Magazine article The Spectator

'The Last English Poachers', by Bob and Brian Tovey, with John F. McDonald - Review

Magazine article The Spectator

'The Last English Poachers', by Bob and Brian Tovey, with John F. McDonald - Review

Article excerpt

The Last English Poachers Bob and Brian Tovey, with John F. McDonald

Simon & Schuster, pp.288, £16.99, ISBN: 9781471135675

The publicity blurb about the two unpleasant criminals whom this dismal book romanticises says that they are 'continuing their ancestors' traditions, reluctant to surrender the old ways of sourcing food from nature'. Imagine a book about two men who were being celebrated for 'continuing their ancestors' tradition of beating their wives, raping them when necessary, treating them as their private property and forcing them into a life of drudgery and subjection'. Morally, this one is just as bad, and as a work of literature it is a joke.

Bob Tovey and his son Brian have shared their way of life with a writer called John F. McDonald, who in a lachrymose afterword noting the death of Tovey senior describes him as 'a legend'. McDonald also patronises his subjects by inserting the occasional grammatical error, when he remembers to do so, to remind us that we are listening to the voices of genuine peasants. There are ethically stunted people who revere the likes of Reggie and Ronnie Kray and 'Mad' Frankie Fraser and write books about them, and this book about two professional thieves is of the same sort.

Tovey senior was brought up to regard landowners as the enemy, and the book drips with his and his son's demented class hatred; substitute Jews, or blacks, or Muslims for 'toffs' and I doubt this book would ever have seen the light of day. One wonders how much of their story is fiction; I suspect quite a lot. If the phrase 'agrarian feudalism' ever tripped off a Tovey tongue, rather than that of his ghostwriter, I should be amazed.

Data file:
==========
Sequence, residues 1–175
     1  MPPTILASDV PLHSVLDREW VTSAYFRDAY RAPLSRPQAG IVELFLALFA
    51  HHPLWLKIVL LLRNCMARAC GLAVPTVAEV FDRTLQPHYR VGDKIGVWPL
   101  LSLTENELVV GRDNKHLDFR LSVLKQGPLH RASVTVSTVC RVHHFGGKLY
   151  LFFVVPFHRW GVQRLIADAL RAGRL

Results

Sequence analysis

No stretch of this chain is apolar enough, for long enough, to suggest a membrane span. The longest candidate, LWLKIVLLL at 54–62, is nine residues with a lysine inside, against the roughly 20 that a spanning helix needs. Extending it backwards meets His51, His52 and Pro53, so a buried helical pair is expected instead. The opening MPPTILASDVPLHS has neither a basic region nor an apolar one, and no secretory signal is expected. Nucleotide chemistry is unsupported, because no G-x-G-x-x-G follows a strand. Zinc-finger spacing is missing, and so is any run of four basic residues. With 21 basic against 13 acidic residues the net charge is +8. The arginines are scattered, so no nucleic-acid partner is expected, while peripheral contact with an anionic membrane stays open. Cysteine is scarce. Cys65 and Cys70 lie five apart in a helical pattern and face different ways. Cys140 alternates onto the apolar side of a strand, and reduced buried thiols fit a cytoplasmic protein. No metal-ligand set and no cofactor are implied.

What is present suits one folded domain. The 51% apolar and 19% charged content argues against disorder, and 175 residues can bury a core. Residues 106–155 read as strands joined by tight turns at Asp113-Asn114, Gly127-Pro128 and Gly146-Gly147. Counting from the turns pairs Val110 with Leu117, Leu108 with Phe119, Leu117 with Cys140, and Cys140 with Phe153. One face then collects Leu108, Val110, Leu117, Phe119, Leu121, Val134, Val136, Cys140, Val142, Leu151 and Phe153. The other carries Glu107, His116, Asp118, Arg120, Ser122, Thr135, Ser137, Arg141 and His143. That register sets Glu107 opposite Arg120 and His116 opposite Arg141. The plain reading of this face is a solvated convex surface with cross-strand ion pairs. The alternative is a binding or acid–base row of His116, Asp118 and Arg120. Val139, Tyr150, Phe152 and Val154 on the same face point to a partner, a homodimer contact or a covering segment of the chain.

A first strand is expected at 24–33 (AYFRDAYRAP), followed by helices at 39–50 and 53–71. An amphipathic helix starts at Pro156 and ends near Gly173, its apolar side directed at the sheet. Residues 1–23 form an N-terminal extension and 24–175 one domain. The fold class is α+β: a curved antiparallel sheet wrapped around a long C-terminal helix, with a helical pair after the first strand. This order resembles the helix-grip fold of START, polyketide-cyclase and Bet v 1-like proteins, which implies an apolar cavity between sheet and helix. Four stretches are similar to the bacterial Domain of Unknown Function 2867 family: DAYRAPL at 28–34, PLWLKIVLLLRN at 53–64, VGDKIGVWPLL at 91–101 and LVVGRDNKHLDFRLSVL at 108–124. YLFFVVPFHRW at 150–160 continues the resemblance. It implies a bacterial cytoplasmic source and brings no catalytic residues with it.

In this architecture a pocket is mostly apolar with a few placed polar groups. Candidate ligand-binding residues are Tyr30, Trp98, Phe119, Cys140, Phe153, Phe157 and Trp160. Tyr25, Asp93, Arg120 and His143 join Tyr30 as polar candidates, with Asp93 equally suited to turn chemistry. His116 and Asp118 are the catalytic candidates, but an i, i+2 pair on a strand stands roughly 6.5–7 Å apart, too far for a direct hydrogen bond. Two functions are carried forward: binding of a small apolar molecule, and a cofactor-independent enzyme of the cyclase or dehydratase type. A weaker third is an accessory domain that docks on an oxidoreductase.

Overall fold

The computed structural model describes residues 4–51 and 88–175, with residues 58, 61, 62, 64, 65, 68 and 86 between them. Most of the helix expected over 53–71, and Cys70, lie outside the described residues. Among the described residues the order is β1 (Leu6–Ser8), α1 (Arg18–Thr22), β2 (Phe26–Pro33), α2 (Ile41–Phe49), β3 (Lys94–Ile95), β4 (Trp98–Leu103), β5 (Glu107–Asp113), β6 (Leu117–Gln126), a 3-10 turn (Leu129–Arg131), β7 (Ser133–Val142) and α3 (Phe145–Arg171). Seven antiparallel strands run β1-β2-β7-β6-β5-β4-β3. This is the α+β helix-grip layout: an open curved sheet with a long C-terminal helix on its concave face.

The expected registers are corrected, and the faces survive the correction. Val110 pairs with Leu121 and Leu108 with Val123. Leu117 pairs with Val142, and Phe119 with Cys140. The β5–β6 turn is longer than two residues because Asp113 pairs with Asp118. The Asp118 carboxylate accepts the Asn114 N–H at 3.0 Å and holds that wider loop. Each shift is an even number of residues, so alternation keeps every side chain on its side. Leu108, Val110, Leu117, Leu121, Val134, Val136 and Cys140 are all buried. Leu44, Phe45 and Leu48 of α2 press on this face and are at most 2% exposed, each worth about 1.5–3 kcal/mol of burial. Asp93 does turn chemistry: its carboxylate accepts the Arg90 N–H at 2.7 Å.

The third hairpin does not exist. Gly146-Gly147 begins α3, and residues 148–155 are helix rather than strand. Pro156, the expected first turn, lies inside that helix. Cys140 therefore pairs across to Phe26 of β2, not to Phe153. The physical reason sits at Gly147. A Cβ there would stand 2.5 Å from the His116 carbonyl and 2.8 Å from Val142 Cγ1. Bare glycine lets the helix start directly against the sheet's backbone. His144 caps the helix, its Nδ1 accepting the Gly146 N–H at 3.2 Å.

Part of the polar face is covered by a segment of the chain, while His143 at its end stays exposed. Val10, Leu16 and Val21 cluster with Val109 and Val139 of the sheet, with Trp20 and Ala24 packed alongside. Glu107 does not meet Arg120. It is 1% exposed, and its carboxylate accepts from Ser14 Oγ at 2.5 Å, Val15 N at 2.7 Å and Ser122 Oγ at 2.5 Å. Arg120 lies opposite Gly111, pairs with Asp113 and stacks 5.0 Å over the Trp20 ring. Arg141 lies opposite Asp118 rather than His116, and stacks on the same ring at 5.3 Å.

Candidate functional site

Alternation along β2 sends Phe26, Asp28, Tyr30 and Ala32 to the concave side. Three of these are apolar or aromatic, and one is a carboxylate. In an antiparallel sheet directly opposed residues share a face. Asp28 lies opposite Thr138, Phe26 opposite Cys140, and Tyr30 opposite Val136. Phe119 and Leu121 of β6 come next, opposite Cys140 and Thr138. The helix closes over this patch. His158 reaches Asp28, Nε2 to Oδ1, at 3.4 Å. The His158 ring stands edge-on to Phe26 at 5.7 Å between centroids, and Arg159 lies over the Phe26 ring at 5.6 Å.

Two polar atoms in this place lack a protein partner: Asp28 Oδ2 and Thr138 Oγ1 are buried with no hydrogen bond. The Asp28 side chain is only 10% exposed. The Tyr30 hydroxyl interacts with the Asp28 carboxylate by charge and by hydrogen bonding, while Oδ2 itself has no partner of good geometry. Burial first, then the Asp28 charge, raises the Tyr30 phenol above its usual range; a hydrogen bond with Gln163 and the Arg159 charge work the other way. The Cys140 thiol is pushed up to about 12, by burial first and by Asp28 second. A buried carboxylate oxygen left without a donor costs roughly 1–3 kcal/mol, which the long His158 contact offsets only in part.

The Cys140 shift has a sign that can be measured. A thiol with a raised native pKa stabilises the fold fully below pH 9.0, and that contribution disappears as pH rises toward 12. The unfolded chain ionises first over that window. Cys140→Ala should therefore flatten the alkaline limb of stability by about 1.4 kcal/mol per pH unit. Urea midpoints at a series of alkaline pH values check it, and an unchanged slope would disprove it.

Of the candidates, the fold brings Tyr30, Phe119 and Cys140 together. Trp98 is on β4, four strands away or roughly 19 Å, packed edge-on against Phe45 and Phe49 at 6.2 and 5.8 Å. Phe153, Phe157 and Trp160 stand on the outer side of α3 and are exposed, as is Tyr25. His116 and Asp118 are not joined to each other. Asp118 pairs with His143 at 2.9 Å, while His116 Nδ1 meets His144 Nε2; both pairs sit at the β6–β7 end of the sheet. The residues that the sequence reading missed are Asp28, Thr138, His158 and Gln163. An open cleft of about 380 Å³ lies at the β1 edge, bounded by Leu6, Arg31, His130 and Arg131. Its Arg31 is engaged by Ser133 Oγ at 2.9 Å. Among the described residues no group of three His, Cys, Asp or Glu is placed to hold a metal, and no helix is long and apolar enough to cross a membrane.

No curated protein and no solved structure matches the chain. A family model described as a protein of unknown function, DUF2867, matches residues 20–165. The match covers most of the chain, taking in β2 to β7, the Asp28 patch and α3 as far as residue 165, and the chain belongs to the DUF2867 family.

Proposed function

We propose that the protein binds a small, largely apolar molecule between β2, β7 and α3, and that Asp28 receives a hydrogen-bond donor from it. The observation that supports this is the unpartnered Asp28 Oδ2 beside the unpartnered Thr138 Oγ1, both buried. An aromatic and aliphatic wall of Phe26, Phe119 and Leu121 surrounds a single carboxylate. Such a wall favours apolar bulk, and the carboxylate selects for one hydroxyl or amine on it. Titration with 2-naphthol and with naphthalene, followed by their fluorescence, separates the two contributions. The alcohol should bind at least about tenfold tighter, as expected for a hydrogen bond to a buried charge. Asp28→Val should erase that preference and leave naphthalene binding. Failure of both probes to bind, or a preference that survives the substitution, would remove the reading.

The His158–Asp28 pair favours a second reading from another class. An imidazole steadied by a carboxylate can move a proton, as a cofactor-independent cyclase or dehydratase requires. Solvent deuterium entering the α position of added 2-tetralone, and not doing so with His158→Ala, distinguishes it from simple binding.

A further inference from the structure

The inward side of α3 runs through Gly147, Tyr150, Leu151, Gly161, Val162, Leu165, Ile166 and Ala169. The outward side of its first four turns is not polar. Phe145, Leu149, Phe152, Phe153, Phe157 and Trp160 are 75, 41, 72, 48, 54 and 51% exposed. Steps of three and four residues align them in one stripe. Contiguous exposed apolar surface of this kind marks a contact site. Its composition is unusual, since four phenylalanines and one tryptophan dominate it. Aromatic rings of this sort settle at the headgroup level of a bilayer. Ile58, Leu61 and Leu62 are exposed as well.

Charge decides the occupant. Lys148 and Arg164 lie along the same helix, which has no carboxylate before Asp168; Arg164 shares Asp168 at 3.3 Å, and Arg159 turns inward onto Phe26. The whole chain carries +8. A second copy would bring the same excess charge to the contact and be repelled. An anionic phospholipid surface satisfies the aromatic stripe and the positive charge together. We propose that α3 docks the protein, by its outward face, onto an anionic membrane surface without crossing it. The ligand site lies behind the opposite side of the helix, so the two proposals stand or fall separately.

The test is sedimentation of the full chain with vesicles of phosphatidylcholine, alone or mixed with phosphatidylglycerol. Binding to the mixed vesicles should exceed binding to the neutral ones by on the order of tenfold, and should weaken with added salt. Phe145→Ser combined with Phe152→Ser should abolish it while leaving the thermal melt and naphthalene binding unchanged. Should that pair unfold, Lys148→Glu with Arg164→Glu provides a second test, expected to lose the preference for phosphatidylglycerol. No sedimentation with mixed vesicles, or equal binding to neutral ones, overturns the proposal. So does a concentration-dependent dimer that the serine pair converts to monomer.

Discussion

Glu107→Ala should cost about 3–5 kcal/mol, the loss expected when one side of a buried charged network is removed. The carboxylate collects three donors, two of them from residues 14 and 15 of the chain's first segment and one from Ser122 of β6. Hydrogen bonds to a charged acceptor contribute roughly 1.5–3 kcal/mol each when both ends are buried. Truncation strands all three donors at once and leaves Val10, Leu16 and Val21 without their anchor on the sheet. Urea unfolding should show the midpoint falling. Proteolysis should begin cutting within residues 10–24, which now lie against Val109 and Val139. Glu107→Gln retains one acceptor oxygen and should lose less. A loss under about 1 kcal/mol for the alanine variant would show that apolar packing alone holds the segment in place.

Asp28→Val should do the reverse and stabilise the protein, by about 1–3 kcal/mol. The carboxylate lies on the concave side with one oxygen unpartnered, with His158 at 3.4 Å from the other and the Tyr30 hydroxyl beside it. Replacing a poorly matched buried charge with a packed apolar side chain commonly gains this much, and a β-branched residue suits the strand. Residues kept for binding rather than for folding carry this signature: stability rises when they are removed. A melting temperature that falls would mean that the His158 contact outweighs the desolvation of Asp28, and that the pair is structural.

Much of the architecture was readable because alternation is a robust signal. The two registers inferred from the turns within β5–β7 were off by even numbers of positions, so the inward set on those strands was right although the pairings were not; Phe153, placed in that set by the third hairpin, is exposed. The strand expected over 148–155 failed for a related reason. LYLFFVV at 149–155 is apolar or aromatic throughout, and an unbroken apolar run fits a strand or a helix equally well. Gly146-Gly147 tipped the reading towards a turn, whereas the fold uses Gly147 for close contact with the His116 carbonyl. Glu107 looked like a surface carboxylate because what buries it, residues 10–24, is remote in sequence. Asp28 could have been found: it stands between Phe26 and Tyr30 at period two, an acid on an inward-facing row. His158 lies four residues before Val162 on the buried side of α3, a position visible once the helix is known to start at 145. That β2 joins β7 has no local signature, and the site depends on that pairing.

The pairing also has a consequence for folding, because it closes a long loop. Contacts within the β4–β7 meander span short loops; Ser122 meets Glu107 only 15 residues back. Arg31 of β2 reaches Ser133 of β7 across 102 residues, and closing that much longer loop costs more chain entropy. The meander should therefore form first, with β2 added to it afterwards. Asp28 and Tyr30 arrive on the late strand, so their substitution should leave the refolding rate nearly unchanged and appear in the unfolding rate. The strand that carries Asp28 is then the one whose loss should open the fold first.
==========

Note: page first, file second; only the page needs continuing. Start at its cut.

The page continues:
One supposedly 'hilarious' anecdote -- that blurb again -- describes a gamekeeper calling his employer (an earl) 'your grace' in a ludicrous moment; but no keeper would ever address his employer, nor one of his employer's guests, so wrongly, precisely because every keeper I have ever met has a perfect understanding of the gradations of the class system of the sort that inspires hatred in the minds of the Toveys. Lords, earls, toffs, stuck-ups and those who don't hate them -- let us say synonyms for people who don't in general resort to crime for a living -- are all berated by the Toveys.

Tovey senior seems to have seen himself -- with the help of his gullible ghostwriter -- as a cross between Robin Hood and a branch of English Heritage. His almost pompously self-righteous descriptions of the 'arts' of poaching seem to be crying out for a lottery grant. He steals food to distribute, he alleges, to the deserving and in need: but no one is as deserving and in need as the Toveys. …

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